Pedersen,
Nygaard

(and implicitly Dahl), 1993]




The
last
thing
you wanted any programmer to do
is
mess
with
internal state

even if presented
figuratively
. Instead, the objects
should be
presented as
sites of
higher level behaviors
more
appropriate
for use
as dynamic components
.”
[Kay, 1993]

14

Service Abstraction


Objects can implement data structures


Useful, but not their
primary purpose


Not a
unique
benefit of objects



Kay [1993] writes of the “objects as server metaphor” in
which every “object would be a server offering services”
that are accessed via messages to the object.



A better term is
service abstraction


Definition: a
value exporting a procedural interface
to behavior


Identical to procedural data abstraction, but focused on behavior


Captures the characteristic of objects in which we are interested


15

Service Abstraction provides Interoperability


Let’s assume service abstraction is the core of OO



What are the benefits of service abstraction?


Reynolds/Cook: procedural data abstraction provides
interoperability


But so do functions, type classes, generic programming, etc.



What makes service abstraction unique?

16

Interoperability of Widgets


Consider a Widget
-
based GUI


Concept notably developed in Smalltalk


i
nterface
Widget {


Dimension
getSize
();


Dimension
getPreferredSize
();


void
setSize
(Dimension size);


void
paint(Display display
);





/* more here */
}

// based on
ConstrainedVisual

from Apache Pivot UI framework



Nontrivial abstraction


not just paint()


A single first
-
class function is not enough

17

Source: http
://www.for
-
a.com/products/hvs300hs/hvs300hs.html

Interoperability of Composite Widgets


Consider a
Composite GUI


Concept notably developed in Smalltalk


c
lass
C
ompositeWidget

implements
Widget {


Dimension
getSize
();


Dimension
getPreferredSize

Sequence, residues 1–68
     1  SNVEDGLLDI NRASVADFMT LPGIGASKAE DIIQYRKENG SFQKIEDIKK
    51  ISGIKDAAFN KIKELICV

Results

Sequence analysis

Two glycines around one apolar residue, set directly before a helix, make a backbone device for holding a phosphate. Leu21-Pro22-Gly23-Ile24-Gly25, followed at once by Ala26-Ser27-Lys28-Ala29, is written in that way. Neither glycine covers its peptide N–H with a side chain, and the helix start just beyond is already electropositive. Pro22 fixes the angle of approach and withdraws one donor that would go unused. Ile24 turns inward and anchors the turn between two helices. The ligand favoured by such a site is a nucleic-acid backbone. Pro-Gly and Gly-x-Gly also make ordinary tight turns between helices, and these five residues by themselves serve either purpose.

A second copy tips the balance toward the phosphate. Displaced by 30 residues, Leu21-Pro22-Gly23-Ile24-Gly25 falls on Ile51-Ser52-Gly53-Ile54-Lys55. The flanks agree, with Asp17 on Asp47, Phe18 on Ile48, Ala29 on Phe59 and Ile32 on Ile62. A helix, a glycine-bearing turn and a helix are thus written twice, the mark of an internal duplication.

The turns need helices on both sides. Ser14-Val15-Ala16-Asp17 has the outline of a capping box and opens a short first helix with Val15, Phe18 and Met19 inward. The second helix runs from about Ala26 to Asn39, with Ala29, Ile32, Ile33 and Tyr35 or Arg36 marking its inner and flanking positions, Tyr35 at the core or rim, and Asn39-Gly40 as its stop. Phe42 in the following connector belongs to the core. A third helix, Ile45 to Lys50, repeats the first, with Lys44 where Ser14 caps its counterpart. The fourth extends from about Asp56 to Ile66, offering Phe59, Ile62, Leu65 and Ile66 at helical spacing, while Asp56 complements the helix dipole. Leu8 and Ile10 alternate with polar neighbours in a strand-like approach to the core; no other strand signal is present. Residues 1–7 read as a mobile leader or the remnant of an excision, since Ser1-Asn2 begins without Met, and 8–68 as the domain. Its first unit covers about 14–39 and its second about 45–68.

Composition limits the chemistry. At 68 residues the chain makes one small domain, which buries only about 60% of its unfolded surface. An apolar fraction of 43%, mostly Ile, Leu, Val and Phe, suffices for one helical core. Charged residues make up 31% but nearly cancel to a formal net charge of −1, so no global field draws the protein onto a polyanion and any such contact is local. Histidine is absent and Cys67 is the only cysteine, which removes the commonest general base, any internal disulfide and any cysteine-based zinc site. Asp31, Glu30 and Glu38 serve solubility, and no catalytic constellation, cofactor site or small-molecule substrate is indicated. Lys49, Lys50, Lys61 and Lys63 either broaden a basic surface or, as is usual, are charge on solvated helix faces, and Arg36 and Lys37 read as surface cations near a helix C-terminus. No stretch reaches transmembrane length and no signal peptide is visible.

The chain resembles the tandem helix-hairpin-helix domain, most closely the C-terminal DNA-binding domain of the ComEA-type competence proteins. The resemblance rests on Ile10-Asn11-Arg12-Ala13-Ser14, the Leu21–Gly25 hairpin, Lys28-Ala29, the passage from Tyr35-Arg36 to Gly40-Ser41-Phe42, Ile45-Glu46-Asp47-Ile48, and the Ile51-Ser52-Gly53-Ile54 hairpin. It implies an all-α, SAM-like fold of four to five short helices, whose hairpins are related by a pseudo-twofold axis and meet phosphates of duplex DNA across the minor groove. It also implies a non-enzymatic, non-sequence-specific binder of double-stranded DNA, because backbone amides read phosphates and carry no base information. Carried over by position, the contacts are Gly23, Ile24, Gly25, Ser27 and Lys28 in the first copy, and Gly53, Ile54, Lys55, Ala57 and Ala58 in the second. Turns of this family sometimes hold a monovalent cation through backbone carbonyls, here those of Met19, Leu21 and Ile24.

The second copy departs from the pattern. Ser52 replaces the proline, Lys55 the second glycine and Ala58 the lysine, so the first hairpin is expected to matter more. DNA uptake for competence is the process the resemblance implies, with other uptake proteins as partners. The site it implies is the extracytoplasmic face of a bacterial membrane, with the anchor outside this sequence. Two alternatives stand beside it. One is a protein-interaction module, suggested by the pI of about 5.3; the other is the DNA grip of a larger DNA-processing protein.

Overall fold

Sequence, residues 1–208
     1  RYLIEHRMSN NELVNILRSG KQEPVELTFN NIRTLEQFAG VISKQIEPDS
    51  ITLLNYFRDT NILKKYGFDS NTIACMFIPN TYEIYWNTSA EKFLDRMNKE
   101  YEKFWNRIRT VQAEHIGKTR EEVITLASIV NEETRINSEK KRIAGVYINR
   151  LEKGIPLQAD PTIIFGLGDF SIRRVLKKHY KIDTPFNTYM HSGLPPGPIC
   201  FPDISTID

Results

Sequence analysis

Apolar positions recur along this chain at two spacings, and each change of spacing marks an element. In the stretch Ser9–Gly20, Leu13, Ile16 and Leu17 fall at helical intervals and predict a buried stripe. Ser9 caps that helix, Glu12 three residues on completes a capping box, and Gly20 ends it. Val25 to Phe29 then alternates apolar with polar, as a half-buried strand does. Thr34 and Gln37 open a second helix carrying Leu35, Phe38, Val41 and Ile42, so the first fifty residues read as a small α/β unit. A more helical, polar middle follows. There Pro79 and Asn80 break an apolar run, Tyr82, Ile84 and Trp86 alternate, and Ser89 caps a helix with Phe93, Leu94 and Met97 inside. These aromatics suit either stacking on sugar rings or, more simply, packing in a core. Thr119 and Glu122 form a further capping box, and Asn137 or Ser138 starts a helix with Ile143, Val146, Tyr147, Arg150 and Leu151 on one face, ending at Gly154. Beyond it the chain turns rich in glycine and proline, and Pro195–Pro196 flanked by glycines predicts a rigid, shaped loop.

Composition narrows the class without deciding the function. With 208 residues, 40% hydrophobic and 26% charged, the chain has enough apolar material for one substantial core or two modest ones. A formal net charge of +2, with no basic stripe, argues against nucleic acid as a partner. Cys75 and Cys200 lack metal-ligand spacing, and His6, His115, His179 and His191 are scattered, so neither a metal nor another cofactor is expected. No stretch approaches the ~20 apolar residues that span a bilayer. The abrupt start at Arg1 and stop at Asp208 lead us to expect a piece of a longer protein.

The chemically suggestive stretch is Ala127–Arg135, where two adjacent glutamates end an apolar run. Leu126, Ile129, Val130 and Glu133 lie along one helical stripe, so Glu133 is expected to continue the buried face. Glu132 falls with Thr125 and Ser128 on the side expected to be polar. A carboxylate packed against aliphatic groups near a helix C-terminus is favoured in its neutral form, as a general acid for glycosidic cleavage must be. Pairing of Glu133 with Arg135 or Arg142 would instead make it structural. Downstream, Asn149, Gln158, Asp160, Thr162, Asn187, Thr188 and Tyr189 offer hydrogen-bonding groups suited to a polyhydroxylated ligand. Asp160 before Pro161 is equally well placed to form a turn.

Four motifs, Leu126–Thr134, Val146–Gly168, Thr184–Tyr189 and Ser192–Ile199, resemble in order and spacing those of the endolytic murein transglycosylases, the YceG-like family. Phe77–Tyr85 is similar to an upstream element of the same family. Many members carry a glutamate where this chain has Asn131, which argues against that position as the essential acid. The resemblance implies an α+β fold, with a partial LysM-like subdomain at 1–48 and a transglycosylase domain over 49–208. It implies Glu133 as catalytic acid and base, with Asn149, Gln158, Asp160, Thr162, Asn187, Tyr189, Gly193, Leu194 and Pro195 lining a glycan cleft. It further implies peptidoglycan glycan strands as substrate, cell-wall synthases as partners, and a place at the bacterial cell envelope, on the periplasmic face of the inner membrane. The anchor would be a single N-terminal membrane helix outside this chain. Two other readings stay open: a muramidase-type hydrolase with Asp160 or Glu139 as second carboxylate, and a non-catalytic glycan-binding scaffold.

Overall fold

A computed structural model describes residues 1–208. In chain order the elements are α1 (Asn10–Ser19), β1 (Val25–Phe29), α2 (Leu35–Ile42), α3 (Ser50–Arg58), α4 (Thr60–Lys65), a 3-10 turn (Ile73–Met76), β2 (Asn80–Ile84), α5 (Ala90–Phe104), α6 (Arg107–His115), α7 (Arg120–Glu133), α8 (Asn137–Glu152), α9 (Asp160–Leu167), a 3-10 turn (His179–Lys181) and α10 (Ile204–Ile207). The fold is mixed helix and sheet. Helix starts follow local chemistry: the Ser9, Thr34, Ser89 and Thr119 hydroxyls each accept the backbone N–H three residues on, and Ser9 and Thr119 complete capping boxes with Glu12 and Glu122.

();


void
setSize
(Dimension size);


void
paint(Display display
);



void
add(Widget widget)



/* more here */
}

// based on Container from Apache Pivot UI framework



Nontrivial abstraction


not just paint()


A single first
-
class function is not enough


Composite needs to store diverse subcomponents in a list


Can’t do this with type classes, generic programming


Composite needs to invoke paint() uniformly on all subcomponents


Also breaks type classes, generic programming

18

Source: http
://www.for
-
a.com/products/hvs300hs/hvs300hs.html

Design Leverage of Service Abstractions

The ability to define
nontrivial
abstractions
that are
modularly
extensible
, where instances of those
extensions can
interoperate in a
first
-
class way
.


Nontrivial abstractions


An interface that provides at least two essential services



Modular extensibility


New implementations
not anticipated
when the abstraction was
designed
can be
provided without changing the original
abstraction



First
-
class Interoperability


Interoperability of
binary methods


Such as adding a subcomponent to a composite



First
-
class manipulation
of different
implementations


Such as putting subcomponents in a list



Uniform treatment

of different implementations


Such as invoking paint() on all subcomponents

19

Talk Outline

1.
A technical characteristic
unique

to objects


Objects, for our purposes, are
service abstractions
that
provide
dispatch


Service abstractions uniquely provide
first
-
class
interoperability


2.
That has a big
impact


Well, first
-
class interoperability is nice for GUIs


Does this affect
in
-
the
-
large software development
more
broadly?

20

Large
-
Scale Development Impact


How might service abstractions
impact in
-
the
-
large
software
development?



Some hints


We are likely looking for an approach to
design


We already know service abstractions are useful for
GUIs


Anecdotally, one can argue that GUIs drove OO


Smalltalk,
MacApp
, Microsoft Foundation Classes, Java Applets, …


What are these GUI designs an instance of?



A likely candidate:
software frameworks
[Johnson, 1997]

21

Software Frameworks


A
framework is
“the skeleton
of an application that can be
customized
by an
application developer
” [
Johnson, 1997
]



Frameworks uniquely provide
architectural reuse


Reuse of “the edifice that ties components together”

[
Johnson and Foote, 1988
]


Johnson [1997] argues can reduce development effort by 10x



As a result, frameworks are ubiquitous


GUIs: Swing, SWT, .NET, GTK+


Web: Rails,
Django
, .NET, Servlets, EJB


Mobile: Android, Cocoa


Big data:
MapReduce
,
Hadoop

22

Frameworks need Service Abstraction


Frameworks define
abstractions

that extensions implement


The developer “supplies
[
the
framework] with
a set of components that
provide the
application specific
behavior” [Johnson and Foote, 1988
]


Sometimes the application
-
specific behavior is just a function


More often, as we will see, these abstractions are
nontrivial



Frameworks require
modular extensibility


Applications extend the framework without modifying its code


Frameworks are typically distributed as binaries or
bytecode


cf.
Meyer’s [1988] open
-
closed principle


Framework developers cannot anticipate the details of extensions